2 Wilmshurst P. CLOSURE 1 seen through the MIST. British Medical Journal 2012;344:51.

3 Dowson A, Mullen MJ, Peatfield R, Muir K, Khan AA, Wells C, Lipscombe SL, Rees T, De Giovanni JV, Morrison WL, Hildick-Smith D, Elrington G, Hillis WS, Malik IS, Rickards A. Migraine intervention with STARFlex Technology (MIST) Trial: a prospective, multicenter, double-blind, sham- controlled trial to evaluate the effectiveness of patent foramen ovale closure with STARFlex septal repair implant to resolve refractory migraine headache. Circulation 2008;117:1397-1404.

4 http://circ.ahajournals.org/cgi/content/full/circulationaha;120/9/e71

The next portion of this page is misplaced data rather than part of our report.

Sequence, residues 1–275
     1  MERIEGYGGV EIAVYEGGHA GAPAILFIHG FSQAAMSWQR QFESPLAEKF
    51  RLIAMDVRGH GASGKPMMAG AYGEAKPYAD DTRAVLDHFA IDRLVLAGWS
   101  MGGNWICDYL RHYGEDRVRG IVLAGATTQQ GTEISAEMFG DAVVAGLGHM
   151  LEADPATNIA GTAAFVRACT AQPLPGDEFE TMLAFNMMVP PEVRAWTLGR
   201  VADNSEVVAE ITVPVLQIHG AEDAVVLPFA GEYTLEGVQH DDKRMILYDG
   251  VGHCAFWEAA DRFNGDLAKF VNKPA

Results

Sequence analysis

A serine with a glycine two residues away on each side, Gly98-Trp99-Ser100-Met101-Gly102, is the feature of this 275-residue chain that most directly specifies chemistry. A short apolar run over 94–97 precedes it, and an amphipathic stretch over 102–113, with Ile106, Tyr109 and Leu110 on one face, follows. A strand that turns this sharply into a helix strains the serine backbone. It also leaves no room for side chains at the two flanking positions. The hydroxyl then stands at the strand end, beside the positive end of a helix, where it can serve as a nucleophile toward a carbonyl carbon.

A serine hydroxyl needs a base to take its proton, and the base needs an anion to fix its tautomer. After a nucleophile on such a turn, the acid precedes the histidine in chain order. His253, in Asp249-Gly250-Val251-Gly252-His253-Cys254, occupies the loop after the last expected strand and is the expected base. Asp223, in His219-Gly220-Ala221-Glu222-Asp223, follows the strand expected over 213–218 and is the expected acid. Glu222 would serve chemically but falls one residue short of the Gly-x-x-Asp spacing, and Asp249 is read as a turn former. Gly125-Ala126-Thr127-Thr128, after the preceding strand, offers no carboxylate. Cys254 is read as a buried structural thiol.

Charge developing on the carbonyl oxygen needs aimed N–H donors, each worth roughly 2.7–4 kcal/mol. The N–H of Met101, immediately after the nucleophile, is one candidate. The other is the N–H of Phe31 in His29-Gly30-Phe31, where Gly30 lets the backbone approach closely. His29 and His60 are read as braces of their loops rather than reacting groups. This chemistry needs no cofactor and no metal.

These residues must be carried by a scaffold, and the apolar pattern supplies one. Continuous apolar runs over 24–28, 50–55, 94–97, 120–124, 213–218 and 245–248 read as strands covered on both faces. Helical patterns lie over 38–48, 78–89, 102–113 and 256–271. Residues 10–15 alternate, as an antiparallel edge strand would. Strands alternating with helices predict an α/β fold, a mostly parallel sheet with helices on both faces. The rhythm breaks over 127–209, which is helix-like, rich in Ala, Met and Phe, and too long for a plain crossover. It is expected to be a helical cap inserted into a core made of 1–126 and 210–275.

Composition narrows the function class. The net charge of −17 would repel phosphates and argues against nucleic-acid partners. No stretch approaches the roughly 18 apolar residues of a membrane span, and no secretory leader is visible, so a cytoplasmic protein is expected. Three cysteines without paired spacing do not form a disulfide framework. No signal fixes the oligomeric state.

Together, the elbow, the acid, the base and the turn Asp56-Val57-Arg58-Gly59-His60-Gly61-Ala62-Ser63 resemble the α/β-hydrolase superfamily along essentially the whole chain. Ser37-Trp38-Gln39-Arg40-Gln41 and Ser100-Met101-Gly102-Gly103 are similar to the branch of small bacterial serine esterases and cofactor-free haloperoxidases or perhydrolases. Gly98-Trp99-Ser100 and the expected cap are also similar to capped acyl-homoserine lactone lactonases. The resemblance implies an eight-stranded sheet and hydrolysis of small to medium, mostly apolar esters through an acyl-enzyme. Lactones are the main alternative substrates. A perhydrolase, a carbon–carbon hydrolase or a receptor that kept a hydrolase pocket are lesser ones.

5 http://circ.ahajournals.org/cgi/content/full/CIRCULATIONAHA.107.727271/DC1

6 http://circ.ahajournals.org/cgi/content/full/117/11/1397

7 http://www.badscience.net/2010/12/nmt-are-suing-dr-wilmshurst-so-how-trustworthy-are-they/

8 http://www.badscience.net/2010/12/nmt-are-suing-dr-wilmshurst-so-how-trustworthy-are-they/

9 Mullen MJ, Hildick-Smith D, De Giovanni JV, Duke Christopher, Hillis WS, Morrison L. BioSTAR Evaluation Study (BEST). A prospective, multicenter, phase 1 clinical trial to evaluate the feasibility, efficacy, and safety of the BioSTAR Bioabsorbable Septal Repair Implant for the closure of atrial-level shunts. Circulation 2006;114:1962-7.

Prepared 30th October 2012